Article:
2022 Crime in Washington Report: ‘The news is not good’

The 2022 Crime in Washington Report reveals a troubling trend of rising crime, with an 8.9% increase in violent crime, a 34.1% surge in vehicle thefts, and murders reaching an all-time high of 394, prompting concerns about public safety and a dire shortage of law enforcement officers in the state.
The 2022 Crime in Washington Report reveals a troubling trend of rising crime, with an 8.9% increase in violent crime, a 34.1% surge in vehicle thefts, and murders reaching an all-time high of 394, prompting concerns about public safety and a dire shortage of law enforcement officers in the state. File photo.

In Clark County, it’s no secret that staffing levels at local agencies have struggled to stay afloat

Leah Anaya
For Clark County Today

A nearly 600-page report was released earlier in July from the Washington Association of Sheriffs and Police Chiefs (WASPC) outlining a disturbing trend that is unsurprising to many area residents: crime is on the rise in Washington State. 

The 2022 Crime in Washington Report was released on July 10, 2023, along with a 30-minute video explanation by WASPC Executive Director Steve Strachan. This marked the 43rd year for the annual Uniformed Crime Report.

The 2022 Crime in Washington Report reveals a troubling trend of rising crime, with an 8.9% increase in violent crime, a 34.1% surge in vehicle thefts, and murders reaching an all-time high of 394, prompting concerns about public safety and a dire shortage of law enforcement officers in the state.

The four elements focused on in the report are criminal offenses, arrests, law enforcement officers assaulted and killed, and the number of full-time law enforcement employees. 

“The news is not good,” Strachan posted. 

According to the report, statewide, violent crime has risen 8.9%, with robberies up 18% and murder hitting an all-time high at 394 in 2022, which is an increase of 16.6%. Crime in general has increased 8.5%, with vehicle thefts jumping up by 34.1%. A total of 12,063 more cars were stolen in 2022 over 2021. The stats are adjusted to population growth, which has also risen.

“People are more concerned about [crime] because it’s starting to affect people in a very real way in their real life,” Strachan said. He pointed out with murders specifically, though the numbers were increased by 16.6% in 2022 over 2021, that percentage skyrockets to a 96% increase in 2022 over 2019, pre-pandemic (201 in Washington State in 2019 versus 394 in 2022). Strachan stressed that while some may want to throw up their hands and fall back on a “national trend” of violent crime, that’s not what national data is showing. Instead, he said, policymakers and individual communities need to face these issues head on.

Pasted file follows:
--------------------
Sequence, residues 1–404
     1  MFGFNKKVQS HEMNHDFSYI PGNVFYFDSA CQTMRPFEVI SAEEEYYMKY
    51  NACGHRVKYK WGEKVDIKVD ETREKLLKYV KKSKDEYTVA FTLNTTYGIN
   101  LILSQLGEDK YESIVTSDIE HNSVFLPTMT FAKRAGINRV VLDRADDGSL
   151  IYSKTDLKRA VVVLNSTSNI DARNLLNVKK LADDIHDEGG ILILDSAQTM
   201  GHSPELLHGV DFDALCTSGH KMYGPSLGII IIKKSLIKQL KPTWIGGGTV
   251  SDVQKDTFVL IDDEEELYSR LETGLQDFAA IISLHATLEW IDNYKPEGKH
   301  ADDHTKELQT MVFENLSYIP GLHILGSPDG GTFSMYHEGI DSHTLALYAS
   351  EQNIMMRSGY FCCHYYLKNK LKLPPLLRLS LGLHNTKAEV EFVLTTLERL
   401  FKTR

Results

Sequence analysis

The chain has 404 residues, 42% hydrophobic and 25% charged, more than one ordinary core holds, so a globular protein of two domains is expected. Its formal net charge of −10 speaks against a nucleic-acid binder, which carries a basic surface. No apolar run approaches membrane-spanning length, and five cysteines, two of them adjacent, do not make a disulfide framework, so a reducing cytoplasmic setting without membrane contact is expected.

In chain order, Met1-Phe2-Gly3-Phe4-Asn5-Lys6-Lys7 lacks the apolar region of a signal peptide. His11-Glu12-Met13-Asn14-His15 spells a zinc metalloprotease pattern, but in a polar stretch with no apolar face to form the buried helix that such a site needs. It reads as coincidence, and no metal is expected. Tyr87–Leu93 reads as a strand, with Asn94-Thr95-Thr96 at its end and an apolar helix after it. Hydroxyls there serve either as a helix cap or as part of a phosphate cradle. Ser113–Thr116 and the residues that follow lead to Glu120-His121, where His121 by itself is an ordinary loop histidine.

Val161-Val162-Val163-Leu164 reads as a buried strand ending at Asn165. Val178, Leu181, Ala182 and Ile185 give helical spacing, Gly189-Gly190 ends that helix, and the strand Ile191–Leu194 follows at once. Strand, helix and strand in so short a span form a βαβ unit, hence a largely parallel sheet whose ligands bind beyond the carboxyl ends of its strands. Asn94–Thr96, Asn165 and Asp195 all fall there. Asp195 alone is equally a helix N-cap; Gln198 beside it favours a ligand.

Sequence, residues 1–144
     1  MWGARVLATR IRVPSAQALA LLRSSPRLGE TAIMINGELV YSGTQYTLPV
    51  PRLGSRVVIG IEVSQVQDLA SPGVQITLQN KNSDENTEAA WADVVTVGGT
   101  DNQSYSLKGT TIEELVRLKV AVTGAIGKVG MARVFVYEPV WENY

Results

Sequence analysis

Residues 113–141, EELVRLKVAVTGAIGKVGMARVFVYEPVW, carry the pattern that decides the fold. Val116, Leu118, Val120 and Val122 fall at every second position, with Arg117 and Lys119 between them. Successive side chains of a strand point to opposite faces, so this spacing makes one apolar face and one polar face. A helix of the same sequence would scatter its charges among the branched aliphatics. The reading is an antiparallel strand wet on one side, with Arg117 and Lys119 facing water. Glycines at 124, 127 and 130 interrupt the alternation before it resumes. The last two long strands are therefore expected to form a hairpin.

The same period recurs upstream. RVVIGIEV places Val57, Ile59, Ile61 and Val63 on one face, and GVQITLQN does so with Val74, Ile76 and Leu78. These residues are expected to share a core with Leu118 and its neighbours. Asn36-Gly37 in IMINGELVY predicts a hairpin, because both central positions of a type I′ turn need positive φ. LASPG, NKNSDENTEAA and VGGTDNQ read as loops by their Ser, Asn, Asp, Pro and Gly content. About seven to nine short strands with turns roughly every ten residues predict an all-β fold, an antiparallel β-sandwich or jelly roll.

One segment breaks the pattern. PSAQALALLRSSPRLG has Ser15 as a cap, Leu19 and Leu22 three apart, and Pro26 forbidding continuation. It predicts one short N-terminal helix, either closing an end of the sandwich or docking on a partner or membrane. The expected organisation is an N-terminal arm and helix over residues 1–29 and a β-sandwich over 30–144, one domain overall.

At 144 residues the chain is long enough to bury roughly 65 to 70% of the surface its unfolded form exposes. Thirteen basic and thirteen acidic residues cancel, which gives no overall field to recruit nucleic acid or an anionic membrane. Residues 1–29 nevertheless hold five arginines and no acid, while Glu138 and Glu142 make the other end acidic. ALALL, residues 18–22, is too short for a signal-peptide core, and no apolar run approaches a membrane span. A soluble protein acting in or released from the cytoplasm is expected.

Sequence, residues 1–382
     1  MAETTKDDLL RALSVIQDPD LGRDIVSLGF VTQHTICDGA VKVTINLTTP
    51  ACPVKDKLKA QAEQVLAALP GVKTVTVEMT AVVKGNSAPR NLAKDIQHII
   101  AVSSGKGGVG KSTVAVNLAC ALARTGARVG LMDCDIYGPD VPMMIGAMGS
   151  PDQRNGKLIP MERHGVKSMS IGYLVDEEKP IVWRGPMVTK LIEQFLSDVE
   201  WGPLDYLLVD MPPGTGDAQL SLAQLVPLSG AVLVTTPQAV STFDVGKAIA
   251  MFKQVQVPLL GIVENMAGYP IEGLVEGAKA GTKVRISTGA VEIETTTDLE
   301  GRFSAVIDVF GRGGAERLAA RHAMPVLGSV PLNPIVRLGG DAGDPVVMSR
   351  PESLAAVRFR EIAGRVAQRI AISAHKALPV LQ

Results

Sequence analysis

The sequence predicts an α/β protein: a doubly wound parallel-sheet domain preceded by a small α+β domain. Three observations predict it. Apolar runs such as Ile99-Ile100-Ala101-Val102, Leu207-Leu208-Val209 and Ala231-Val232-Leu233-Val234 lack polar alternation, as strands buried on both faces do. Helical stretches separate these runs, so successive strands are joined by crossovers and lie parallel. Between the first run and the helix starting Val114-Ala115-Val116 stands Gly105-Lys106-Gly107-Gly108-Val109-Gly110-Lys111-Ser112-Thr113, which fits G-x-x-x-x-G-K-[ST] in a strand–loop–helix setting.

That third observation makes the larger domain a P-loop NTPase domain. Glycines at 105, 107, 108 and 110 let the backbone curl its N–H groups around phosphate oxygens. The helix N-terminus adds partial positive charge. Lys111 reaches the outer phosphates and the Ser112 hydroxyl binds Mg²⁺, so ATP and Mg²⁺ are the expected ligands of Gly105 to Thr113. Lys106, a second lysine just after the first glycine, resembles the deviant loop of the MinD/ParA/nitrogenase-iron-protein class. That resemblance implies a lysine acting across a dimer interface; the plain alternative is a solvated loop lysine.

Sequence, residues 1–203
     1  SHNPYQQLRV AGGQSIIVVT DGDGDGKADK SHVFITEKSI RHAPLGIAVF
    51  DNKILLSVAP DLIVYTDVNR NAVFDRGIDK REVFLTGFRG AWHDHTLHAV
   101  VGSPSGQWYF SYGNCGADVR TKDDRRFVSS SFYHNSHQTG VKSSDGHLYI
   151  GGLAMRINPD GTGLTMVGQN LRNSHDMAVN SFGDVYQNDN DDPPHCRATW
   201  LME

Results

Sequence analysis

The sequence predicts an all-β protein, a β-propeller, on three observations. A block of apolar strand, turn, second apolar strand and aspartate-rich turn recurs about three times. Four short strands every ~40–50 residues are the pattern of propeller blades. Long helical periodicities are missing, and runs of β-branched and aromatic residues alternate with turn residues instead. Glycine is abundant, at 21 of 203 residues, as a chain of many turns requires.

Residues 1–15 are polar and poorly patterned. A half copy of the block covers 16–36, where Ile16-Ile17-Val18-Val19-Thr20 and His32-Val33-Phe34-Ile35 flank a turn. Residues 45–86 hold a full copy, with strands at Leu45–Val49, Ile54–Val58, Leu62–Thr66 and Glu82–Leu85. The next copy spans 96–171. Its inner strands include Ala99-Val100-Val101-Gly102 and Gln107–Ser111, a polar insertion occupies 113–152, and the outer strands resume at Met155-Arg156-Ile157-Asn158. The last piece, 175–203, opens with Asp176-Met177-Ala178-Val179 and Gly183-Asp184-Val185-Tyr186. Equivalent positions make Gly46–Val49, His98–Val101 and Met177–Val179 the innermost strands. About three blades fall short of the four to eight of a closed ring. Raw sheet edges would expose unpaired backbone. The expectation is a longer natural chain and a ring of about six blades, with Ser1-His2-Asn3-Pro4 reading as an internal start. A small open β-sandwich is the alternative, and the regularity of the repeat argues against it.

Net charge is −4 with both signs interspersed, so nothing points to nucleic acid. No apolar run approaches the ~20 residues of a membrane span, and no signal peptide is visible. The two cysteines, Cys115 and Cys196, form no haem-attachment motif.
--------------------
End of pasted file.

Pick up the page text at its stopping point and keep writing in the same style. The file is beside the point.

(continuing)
While crime soared, law enforcement staffing continued to plummet. The state lost nearly 500 officers and deputies (written as “officers” hereafter) in 2021, causing a 4.4% decrease and bringing the number of police per 1,000 residents (or, per capita) down to 1.38. This number was the lowest on record and also the lowest in the entire nation. Unfortunately, 2022 beat that record and fell by another 70 officers to 1.36 officers per capita. With the national average sitting at 2.31 officers per capita, this marked the 13th year in a row that Washington State was the lowest ranking per capita for law enforcement officers.

If the state hit the national average, it would see an increase of approximately 7,000 officers.

Here in Clark County, it’s no secret that staffing levels at local agencies have struggled to stay afloat. At the Clark County Sheriff’s Office (CCSO), for example, there are 0.5 deputies per capita, while the crime rate sits at 34.7 per capita. Additionally, CCSO saw a 17.7% increase in overall crime. With 8,298 crimes having been reported, there is a miniscule 17.6% clearance rate for those cases.

CCSO Spokesperson Chris Skidmore said in an interview that there is a “wane in interest” in policing overall. He said it used to be that there could be hundreds of applicants for 10 vacancies an agency might have, but now there may only be 30-50 applicants for the same number. CCSO has dealt with low staffing levels for several years, which makes it more difficult, Skidmore said, for deputies to have the time to investigate property crimes, which the report showed makes up well over half of the 2022 numbers.

The Vancouver Police Department saw a 13% increase in overall crime, and that agency had an 11.1% clearance rate with 1.07 officers per capita.

Across the state, there has been a 20% increase in assaults against police over the previous year, with a total of 2,375 reported. This number reflects an increase of 407 assaults in 2021. The report said that two officers were also killed in the line of duty during 2022, although the Officer Down Memorial page reported four. The discrepancy there may be the cause of death: one officer was killed during a motorcycle collision rather than an assault. Three were killed by gunfire, but one of those, Vancouver Police Officer Donald Sahota, was inadvertently killed by another officer during a violent encounter with a suspect.

Regarding officer assaults, Strachan said, “That is a number that is wholly unacceptable. We have to find a way to change that. It shakes me to the core that [the number of officers assaulted] really makes up almost a quarter of the officers in our state.”

Is Washington too soft on crime?*
397 votes


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